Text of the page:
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Where is Elton John From? A Look Into His Glorious Career

Where is Elton John From?

Where is Elton John From?

One of the most well-known performers of the late 20th century was the British singer, composer, and pianist Elton John, whose full name is Sir Elton Hercules John; his birth name was Reginald Kenneth Dwight. In a concert and recording career that includes the selling of hundreds of millions of records, he combined as many genres of popular music and showmanship as Elvis Presley.

Where is Elton John From?

In Pinner, Middlesex, England, on March 25, 1947, Elton John was born. John, a piano prodigy who was 11 years old, received a scholarship to the Royal Academy of Music. After finding rhythm and blues, he gravitated toward pop and, in the middle of the 1960s, joined Bluesology, who would eventually become John Baldry’s supporting group.

After responding to an advertisement in a trade journal, he and Bernie Taupin (b. May 22, 1950, Sleaford, Lincolnshire) began creating songs together. His 1968 single “Lady Samantha” became a hit in the United Kingdom. When his debut American album, Elton John, was released in 1970, he became an enormously popular figure around the world.

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Elton John Career

John showed an exceptional ability for integrating and fusing many pop and rock influences into an exuberant, streamlined sound that was somewhat impersonal and outgoing. His albums were some of the first to combine synthesized instrumentation with electric guitar and acoustic keyboard.

His pianism, an elaborate, gospel-infused extension of Little Richard and Jerry Lee Lewis’ stylings, as well as his vocal style, which had a Southern accent and gospel inflections, were both heavily influenced by American music.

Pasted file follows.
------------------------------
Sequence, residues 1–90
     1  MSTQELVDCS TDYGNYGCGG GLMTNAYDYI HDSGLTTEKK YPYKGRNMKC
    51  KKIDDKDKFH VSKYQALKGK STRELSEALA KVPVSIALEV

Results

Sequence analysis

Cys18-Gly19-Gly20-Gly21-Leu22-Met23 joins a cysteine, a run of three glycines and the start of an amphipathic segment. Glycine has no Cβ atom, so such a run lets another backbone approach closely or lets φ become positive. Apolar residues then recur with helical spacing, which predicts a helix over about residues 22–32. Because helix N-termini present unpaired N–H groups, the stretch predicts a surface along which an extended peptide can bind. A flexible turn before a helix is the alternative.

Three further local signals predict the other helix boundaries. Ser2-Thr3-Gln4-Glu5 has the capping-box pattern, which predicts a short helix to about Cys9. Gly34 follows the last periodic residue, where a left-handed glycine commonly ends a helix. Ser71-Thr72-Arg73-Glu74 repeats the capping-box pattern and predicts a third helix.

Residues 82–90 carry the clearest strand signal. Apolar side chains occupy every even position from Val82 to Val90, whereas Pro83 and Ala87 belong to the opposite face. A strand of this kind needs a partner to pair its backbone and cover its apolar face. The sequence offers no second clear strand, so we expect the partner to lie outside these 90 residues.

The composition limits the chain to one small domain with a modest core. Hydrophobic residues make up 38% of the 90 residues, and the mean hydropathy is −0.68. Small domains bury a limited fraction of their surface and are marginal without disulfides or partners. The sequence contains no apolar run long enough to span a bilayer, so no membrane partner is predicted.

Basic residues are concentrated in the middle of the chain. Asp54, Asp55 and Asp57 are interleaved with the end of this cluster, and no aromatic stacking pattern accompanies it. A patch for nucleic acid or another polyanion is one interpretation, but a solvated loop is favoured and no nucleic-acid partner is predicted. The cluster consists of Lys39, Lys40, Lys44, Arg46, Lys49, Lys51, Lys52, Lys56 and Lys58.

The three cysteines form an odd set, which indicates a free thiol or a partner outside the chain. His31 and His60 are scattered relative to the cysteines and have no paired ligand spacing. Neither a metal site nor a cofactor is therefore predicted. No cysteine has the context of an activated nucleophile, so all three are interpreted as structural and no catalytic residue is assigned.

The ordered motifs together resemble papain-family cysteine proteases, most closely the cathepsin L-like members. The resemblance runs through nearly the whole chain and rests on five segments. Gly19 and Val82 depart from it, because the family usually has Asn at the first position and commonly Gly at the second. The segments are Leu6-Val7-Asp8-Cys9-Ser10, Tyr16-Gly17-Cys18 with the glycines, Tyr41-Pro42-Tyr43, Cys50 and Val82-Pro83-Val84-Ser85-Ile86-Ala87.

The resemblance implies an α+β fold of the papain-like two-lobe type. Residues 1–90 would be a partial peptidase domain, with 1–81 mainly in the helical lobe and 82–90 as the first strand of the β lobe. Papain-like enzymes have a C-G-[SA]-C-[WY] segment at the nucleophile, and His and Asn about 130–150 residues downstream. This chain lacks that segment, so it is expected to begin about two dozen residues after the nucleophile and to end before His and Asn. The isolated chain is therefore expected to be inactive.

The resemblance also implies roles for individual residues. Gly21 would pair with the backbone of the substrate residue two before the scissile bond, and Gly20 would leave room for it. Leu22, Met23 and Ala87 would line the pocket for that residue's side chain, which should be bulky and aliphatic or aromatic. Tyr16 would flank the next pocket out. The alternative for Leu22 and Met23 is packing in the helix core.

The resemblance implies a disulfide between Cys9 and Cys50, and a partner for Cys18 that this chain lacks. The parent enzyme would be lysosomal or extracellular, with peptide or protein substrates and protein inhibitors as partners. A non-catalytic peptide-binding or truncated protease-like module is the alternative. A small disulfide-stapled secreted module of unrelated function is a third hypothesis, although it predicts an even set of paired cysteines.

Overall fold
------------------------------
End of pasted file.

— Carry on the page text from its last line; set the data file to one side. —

The love ballad “Your Song,” which became his first American success in 1970, mixed the reflective atmosphere of the time’s singer-songwriters with more conventional pop technique. John paid homage to country rock and folk rock icons like the Band and Crosby, Stills, and Nash in his early 1970s songs.

John was among the best-selling pop artists in the world by 1973. He frequently wrote songs with Taupin that were loving spoofs and pastiches of everything from the Rolling Stones (“The Bitch Is Back” [1974]) to Frank Sinatra ballads (“Blue Eyes” [1982]), 1950s rock and roll (“Crocodile Rock” [1972]), and Philadelphia soul (“Philadelphia Freedom” [1975]).

Longer compositions like “Burn Down the Mission” from Tumbleweed Connection (1971) and “Funeral for a Friend/Love Lies Bleeding” from Goodbye Yellow Brick Road (1973) also showed that he had more ambitious musical goals. “Rocket Man” from Honky Château (1972) and “Don’t Let the Sun Go Down on Me” from Caribou (1974) are two more noteworthy songs from this time period.

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